Table 1

Associations of each of the three visual indicators with chlamydial cervicitis, stratifying by the other factors and testing for heterogeneity


The sensitivity, specificity, positive and negative predictive values of the three visual indicators in different combinations, and the odds ratios (stratified by clinic) of the combinations are shown in table 2. The presence of both opaque endocervical discharge and yellow endocervical discharge was the combination that had the strongest association (odds ratio = 4.9) with chlamydial infection (p<0.0001). The occurrence of easily induced mucosal bleeding of the cervix alone was the single indicator with the highest sensitivity (0.43). Compared with the individual factors, the combinations of factors had much lower sensitivities and higher specificities. This is to be expected given that requiring a combination of factors constitutes a more stringent definition of infection.

Table 2

Sensitivity, specificity, positive and negative predictive values, and associations of the three visual indicators alone and in combinations, with chlamydial cervicitis, stratifying for the three clinic types


Endocervical discharge opacity, in addition to yellow endocervical discharge colour and easily induced cervical bleeding, appears to be a useful predictor of chlamydial cervicitis in young women. The results are generalisable since multiple physicians were involved in the assessments. Physicians were trained in the clinical methods in only the family planning clinic; however, the observed associations did not vary by clinic. While nucleic acid amplification was not used to detect chlamydia, each woman was tested by culture and EIA and we feel that sensitivity was adequate.

The associations between each of these three visual indicators and chlamydial infection after adjusting for clinic type and the possible confounding effects of the other indicators were statistically significant and substantial. While other studies examining clinical indicators for chlamydial cervicitis have found associations between yellow endocervical discharge, easily induced mucosal bleeding, and cervical chlamydial infections,2, 3, 79 this study was the first to demonstrate that opaque endocervical discharge is associated with infection, regardless of the presence of the other two indicators.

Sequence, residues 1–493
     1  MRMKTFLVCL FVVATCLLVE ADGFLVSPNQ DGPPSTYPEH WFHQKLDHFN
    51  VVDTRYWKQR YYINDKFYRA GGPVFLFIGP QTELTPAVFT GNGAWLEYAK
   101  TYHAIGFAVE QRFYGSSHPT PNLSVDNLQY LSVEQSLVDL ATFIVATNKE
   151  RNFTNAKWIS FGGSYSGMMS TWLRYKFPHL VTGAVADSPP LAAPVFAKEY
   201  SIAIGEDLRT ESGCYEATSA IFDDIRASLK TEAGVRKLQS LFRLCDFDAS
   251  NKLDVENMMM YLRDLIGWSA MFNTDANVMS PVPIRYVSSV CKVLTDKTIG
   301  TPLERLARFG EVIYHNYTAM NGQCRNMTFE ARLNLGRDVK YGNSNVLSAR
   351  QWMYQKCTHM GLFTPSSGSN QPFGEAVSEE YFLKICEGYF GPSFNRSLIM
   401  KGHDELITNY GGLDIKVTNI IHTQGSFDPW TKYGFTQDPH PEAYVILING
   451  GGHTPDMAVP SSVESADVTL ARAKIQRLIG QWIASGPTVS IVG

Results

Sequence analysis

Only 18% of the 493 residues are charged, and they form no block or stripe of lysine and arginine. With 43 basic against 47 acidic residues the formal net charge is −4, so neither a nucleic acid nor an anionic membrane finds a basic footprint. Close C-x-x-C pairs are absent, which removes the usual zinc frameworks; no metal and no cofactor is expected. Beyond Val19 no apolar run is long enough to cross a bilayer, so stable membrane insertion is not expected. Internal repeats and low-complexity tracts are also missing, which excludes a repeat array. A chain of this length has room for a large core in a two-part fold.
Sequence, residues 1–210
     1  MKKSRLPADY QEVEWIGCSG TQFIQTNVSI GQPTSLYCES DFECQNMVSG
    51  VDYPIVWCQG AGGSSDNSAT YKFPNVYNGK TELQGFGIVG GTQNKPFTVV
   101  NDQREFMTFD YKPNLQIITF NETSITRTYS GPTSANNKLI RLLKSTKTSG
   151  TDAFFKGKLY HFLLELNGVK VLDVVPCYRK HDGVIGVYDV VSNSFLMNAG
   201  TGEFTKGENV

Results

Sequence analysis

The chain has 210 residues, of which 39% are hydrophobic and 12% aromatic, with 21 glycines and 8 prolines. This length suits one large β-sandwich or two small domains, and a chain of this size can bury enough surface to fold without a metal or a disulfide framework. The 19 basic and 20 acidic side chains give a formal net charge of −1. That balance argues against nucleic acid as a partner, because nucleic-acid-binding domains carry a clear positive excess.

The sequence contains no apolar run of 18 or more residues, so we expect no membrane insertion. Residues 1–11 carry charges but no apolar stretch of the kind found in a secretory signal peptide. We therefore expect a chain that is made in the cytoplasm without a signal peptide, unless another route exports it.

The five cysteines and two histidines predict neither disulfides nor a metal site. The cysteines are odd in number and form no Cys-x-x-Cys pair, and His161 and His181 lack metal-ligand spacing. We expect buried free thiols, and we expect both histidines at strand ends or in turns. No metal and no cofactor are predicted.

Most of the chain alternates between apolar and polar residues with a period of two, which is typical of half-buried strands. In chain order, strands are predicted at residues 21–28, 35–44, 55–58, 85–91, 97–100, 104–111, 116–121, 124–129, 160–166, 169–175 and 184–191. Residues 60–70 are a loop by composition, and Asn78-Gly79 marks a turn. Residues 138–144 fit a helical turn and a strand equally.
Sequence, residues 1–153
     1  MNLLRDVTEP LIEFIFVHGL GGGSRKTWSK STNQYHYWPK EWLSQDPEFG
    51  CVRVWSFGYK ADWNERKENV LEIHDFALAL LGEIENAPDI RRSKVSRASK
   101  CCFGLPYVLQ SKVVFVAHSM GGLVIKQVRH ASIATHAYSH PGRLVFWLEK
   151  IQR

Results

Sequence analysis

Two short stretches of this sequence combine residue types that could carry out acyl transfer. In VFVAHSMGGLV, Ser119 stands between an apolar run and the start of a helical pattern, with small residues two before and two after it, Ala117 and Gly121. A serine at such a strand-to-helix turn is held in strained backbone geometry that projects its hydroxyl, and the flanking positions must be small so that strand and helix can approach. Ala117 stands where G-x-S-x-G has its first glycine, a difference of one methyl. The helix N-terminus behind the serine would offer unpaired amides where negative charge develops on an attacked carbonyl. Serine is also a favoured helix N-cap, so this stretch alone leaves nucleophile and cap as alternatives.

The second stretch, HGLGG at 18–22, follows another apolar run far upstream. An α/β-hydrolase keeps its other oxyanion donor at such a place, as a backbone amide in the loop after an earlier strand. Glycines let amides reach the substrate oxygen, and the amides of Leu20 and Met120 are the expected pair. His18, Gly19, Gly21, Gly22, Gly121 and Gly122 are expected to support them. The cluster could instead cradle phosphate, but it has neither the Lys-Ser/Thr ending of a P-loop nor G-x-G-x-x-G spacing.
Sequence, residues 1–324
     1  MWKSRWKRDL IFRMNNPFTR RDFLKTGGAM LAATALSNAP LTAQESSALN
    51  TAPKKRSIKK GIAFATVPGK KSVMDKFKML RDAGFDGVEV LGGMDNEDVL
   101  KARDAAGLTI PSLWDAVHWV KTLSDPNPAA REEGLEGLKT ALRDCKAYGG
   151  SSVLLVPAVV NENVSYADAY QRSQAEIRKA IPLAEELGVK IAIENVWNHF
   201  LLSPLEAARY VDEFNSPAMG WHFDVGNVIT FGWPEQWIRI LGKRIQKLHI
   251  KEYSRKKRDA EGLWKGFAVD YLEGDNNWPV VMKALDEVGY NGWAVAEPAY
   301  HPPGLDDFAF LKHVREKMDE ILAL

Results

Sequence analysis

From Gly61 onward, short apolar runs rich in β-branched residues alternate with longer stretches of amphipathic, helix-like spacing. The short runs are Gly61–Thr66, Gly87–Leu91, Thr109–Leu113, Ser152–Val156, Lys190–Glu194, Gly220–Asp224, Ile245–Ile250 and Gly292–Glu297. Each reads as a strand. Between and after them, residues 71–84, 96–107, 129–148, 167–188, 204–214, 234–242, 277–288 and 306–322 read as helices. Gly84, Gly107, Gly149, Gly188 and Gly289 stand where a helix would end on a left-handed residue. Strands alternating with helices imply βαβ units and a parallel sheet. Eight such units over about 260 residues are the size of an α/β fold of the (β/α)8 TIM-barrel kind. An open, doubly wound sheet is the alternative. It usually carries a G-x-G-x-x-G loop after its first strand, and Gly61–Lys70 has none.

In future studies of selective versus universal screening of young women for chlamydial cervicitis, discharge opacity should be further assessed for its ability to predict infection, since it may improve the effectiveness of selective screening rules in comparison with previous studies.3, 4, 7, 912 Another role that visual indicators may play is in the presumptive diagnosis of chlamydial cervicitis before test results are available but where it is unlikely that the patient will return for treatment.

In developing countries, syndromic management5 may decrease the burden of sexually transmitted diseases. Given that internal examinations using a speculum currently are not part of the syndromic management approach, these three visual indicators of chlamydial cervicitis are still of limited application. We suggest that all three indicators should be considered for inclusion in future studies of innovative approaches to diagnosis.


Contributors: JWS was principal investigator of the original study and wrote the manuscript; SDW conducted most of the data analyses and assisted with interpretation of results and revision of the manuscript; MH conducted some data analyses, and assisted with writing the introduction and discussion.



  • Research Supported by 02551 from the Health Care Systems Research Program of the Ontario Ministry of Health, Toronto, Ontario.

  • Presented in part at the Ninth International Symposium on Human Chlamydial Infection. Napa, California, USA, 21–26 June 1998.